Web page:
• WARNING: Physics Envy May Be Hazardous To Your Wealth!

    linked to by 4 published by arXiv on Sat 13th Mar 10
    Lo, Andrew W., Mueller, Mark T.

    OAI oai:arXiv.org:1003.2688

    The quantitative aspirations of economists and financial analysts have formany years been based on the belief that it should be possible to build modelsof economic systems - and financial markets in particular - that are aspredictive as those in physics. While this perspective has led to a number ofimportant breakthroughs in economics, "physics envy" has also created a falsesense of mathematical precision in some cases. We speculate on the origins ofphysics envy, and then describe an alternate perspective of economic behaviorbased on a new taxonomy of uncertainty. We illustrate the relevance of thistaxonomy with two concrete examples: the classical harmonic oscillator withsome new twists that make physics look more like economics, and a quantitativeequity market-neutral strategy. We conclude by offering a new interpretation oftail events, proposing an "uncertainty checklist" with which our taxonomy canbe implemented, and considering the role that quants played in the currentfinancial crisis.Comment: v3 adds 2 references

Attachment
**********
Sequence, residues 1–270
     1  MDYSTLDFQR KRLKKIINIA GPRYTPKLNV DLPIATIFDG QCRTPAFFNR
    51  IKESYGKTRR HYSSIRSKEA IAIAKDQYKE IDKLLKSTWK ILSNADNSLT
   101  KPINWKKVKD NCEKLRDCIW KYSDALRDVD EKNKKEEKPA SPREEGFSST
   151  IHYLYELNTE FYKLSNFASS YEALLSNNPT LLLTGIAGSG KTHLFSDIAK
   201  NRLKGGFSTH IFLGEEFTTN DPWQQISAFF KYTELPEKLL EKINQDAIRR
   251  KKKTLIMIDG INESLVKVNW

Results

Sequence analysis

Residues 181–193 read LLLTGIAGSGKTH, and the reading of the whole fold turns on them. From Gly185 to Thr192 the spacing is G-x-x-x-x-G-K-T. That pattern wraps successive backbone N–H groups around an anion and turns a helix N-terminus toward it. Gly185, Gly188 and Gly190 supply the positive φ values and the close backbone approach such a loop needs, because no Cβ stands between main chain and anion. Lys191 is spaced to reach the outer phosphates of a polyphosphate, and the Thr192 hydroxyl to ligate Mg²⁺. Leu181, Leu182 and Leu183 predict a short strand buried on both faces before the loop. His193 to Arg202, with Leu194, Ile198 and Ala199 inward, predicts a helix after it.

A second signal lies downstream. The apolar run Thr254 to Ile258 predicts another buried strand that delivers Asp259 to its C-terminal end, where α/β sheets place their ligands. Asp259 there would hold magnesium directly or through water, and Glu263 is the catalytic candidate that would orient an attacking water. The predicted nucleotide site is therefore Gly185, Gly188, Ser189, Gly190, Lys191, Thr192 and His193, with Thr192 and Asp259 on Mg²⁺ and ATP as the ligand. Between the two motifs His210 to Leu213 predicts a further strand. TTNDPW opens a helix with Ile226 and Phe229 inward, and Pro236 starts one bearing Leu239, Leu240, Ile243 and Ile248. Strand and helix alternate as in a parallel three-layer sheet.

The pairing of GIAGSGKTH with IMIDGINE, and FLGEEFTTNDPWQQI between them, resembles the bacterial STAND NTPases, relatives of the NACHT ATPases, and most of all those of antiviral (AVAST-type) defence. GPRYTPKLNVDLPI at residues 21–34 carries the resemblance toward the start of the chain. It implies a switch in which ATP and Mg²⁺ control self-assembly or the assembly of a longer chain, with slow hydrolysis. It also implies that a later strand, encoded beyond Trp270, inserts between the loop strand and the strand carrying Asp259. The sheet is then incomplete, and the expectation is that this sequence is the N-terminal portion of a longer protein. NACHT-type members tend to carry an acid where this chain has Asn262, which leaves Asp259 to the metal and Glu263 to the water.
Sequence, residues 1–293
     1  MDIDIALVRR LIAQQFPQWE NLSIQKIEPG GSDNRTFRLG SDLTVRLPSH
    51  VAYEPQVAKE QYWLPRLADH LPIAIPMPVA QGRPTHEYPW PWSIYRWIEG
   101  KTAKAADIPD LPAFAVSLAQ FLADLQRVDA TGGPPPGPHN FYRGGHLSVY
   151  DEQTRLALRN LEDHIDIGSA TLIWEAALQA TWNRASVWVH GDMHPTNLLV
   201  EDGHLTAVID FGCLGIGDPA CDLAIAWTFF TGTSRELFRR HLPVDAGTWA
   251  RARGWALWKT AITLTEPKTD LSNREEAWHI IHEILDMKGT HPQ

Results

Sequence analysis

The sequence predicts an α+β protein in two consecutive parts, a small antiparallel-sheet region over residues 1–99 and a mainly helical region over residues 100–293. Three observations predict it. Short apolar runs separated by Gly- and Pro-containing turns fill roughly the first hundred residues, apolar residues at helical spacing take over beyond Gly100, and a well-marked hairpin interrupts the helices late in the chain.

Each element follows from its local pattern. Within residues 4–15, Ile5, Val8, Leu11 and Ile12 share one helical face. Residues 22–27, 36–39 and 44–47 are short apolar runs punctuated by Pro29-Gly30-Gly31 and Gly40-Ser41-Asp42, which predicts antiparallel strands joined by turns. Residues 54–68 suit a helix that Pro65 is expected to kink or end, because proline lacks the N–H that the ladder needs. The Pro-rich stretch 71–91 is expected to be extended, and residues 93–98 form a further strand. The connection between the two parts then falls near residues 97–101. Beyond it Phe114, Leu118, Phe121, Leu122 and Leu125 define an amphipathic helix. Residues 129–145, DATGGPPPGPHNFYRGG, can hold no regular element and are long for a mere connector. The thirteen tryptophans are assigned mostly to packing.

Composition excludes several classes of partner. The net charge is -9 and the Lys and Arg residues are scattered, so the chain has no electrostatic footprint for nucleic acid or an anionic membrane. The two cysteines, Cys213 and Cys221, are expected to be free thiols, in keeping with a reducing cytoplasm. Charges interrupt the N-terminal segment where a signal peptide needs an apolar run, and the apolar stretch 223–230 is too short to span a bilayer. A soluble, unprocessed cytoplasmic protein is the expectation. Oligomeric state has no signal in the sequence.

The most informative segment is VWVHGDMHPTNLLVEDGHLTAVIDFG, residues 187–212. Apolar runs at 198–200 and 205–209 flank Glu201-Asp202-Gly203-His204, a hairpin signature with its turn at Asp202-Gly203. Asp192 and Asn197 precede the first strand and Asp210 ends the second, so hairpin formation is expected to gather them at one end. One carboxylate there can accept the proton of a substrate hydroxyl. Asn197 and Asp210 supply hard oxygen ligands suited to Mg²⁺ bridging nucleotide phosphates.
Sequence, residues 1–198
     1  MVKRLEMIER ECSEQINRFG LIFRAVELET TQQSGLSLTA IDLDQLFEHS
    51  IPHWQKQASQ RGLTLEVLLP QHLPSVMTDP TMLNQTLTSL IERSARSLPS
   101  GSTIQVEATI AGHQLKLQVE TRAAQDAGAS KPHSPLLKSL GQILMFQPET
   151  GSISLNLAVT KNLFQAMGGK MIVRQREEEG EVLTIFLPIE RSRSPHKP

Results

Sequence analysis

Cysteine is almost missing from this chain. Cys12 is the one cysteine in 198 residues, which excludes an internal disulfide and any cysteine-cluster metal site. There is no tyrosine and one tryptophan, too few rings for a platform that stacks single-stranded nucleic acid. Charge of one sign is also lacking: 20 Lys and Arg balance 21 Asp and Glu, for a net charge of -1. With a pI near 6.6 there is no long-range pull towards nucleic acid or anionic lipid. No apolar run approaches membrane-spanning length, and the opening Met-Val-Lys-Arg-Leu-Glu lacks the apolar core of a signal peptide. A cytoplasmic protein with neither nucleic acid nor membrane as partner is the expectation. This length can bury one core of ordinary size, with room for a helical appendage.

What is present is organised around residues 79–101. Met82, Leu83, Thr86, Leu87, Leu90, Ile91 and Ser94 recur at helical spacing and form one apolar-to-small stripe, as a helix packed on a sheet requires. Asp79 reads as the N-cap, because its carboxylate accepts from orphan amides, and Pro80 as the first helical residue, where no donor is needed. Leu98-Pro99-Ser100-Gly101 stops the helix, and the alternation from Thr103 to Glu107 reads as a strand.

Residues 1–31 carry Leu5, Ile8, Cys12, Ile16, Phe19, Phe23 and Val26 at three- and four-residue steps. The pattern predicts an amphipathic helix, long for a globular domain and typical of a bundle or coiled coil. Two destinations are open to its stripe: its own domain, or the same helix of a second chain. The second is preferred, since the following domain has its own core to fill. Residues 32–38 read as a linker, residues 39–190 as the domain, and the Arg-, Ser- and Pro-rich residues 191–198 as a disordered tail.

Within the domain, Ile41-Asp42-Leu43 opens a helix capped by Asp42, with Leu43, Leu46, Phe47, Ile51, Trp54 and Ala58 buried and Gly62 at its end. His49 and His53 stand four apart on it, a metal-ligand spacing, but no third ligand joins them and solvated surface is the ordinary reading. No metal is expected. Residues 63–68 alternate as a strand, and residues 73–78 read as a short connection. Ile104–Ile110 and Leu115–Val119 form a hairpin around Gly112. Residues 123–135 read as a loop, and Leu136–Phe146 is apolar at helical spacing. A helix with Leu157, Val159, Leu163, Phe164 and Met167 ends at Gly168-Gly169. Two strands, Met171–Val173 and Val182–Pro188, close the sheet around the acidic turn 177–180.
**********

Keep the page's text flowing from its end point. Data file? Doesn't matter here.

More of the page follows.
• Posts discussing this item

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      Economics is not physics, and that bothers some people. Such physics envy seems odd to me. It isn’t the fault of practitioners that economics models don’t correspond to reality with the same fidelity as physics models. A system of humans and human

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      posted to Paul Kedrosky's Infectious Greed on Tue 16th Mar 10

      I remember in grad school we used to obsess about how economics, computer science and such lacked a "reference discipline" -- you know, something legit, like physics. Here is a new paper on that subject from Andrew Lo at MIT:Warning: Physics Envy

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